more cat pictures
I found this interesting article about the death of football star Pat Tillman in Iraq. At the time, I’d only heard that he was killed. Then it was by friendly fire: It seems that two halves of a patrol got separated and the half bringing up the rear killed Tillman and another man, who were in the forward group. Then there were hints that it was deliberate. Read “No One’s Martyr” and “Playing the Atheism Card Against Pat Tillman’s Family.”
The Sneer Review has discovered the Wedgwood Document, announcing that the Russell’s Teapot has been found.
Top Secret – NOT FOR PUBLIC RELEASE
INSTITUTE OF DISCOVERY 2008
In a famous 1952 article, ‘Why there is no God’ commissioned by ‘Illustrated Magazine’, the famous atheist Bertrand Russell wrote:
“If I were to suggest that between the Earth and Mars there is a china teapot revolving about the sun in an elliptical orbit, nobody would be able to disprove my assertion ………….. But if I were to go on to say that, since my assertion cannot be disproved, it is an intolerable presumption on the part of human reason to doubt it, I should rightly be thought to be talking nonsense. If, however, the existence of such a teapot were affirmed in ancient books, taught as the sacred truth every Sunday, and instilled into the minds of children at school, hesitation to believe in its existence would become a mark of eccentricity and entitle the doubter to the attentions of the psychiatrist in an enlightened age or of the Inquisitor in an earlier time.”
This point, the notorious ‘Russell’s Teapot’ question has been a thorn in the side of religious advocates ever since. Every time we tell atheists that they have not disproved God they invariably bring up Russell’s teapot. We are told that just because we too cannot disprove Russell’s teapot this logically means that any particular invented deity, such as The Pink Unicorn, the Flying Spaghetti Monster, Zeus or Allah, cannot also be disproved and such are just as evidentially based as the one true God.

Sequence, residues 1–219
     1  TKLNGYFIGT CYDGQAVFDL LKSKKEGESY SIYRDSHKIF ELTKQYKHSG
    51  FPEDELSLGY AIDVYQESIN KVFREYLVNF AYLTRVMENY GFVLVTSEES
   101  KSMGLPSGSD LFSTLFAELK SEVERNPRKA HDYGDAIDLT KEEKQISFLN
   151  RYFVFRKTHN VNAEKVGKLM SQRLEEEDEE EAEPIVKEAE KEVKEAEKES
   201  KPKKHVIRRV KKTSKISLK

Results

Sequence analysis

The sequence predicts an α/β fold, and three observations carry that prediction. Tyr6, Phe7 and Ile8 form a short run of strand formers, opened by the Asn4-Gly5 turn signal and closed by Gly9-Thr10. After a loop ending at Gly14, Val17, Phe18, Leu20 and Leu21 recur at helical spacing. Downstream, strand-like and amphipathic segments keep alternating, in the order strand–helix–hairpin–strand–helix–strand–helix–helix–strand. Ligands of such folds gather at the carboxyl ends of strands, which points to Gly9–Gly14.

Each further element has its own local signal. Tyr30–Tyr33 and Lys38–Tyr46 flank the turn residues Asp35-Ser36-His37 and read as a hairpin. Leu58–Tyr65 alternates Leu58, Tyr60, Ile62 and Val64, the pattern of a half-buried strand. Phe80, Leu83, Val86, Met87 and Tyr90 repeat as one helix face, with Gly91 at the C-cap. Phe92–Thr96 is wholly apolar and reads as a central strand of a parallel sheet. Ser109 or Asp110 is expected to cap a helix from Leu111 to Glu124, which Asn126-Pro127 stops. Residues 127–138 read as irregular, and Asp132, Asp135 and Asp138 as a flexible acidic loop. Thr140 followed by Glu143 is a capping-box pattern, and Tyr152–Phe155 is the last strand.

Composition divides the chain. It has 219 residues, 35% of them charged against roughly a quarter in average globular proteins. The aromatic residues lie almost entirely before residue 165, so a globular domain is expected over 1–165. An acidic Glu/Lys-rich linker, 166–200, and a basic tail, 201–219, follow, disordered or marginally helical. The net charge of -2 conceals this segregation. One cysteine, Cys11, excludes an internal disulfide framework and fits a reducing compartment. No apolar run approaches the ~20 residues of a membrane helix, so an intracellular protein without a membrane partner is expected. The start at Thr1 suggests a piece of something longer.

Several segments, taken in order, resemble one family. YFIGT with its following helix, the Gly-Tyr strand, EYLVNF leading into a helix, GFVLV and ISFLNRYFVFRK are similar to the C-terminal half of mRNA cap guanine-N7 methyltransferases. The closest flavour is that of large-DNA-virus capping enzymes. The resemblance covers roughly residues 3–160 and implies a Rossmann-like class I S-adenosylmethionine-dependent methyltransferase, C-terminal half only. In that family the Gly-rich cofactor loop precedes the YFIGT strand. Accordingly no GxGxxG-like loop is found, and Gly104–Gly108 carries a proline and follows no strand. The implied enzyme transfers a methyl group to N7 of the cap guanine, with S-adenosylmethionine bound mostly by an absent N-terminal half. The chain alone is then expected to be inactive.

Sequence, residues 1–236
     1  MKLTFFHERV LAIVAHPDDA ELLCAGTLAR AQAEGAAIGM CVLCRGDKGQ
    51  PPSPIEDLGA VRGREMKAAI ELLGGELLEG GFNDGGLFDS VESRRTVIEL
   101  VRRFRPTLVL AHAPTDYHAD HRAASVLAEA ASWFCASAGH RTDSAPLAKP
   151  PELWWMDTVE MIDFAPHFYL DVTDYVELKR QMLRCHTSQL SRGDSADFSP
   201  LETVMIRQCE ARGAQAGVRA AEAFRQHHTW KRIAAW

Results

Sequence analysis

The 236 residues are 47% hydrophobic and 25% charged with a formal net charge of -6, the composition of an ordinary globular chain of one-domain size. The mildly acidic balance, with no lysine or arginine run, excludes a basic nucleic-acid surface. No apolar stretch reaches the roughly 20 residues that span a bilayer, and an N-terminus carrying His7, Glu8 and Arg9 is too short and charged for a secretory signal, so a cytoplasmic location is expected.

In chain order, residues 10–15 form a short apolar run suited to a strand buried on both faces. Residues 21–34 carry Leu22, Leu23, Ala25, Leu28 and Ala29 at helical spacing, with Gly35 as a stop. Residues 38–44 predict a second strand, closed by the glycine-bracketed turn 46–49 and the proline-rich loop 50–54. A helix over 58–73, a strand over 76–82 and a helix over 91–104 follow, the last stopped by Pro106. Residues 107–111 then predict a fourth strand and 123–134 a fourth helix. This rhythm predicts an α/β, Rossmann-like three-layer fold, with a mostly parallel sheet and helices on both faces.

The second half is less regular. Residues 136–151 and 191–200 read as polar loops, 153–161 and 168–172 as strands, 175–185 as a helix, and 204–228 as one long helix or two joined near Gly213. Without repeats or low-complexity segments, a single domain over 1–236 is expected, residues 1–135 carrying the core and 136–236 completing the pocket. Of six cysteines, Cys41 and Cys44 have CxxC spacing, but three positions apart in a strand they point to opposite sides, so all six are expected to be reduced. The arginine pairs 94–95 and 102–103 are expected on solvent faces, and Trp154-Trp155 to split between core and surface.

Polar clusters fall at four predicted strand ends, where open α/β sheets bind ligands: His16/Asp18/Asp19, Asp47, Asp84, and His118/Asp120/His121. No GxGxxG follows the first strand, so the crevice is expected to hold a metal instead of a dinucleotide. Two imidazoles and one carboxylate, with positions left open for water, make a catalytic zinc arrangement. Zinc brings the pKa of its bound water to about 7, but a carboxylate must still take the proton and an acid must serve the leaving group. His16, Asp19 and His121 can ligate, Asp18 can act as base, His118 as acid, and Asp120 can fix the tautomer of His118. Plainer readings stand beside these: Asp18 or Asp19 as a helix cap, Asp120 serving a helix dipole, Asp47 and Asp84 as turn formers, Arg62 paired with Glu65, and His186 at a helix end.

“Hitherto, I’ve tended to the view that an active gay sex life is not consistent with, or cannot be considered an integral part of, a – or the – Christian calling. That’s gay sexual activity, as opposed to homosexuality (or bisexuality, or transgendered-ness) itself. By contrast, in a very thought-provoking post, Anita Cadonau-Huseby makes a powerful case for considering that a person’s homosexuality (or sexuality and gender identity of any sort) is indeed a / their holy vocation and divine calling. On one level, I wholeheartedly agree with this view: if one genuinely is gay, or in my case bisexual and transgender, then this is how God intended you to be – what he is calling you to be as part of his calling of you into being through his Word of creation…..”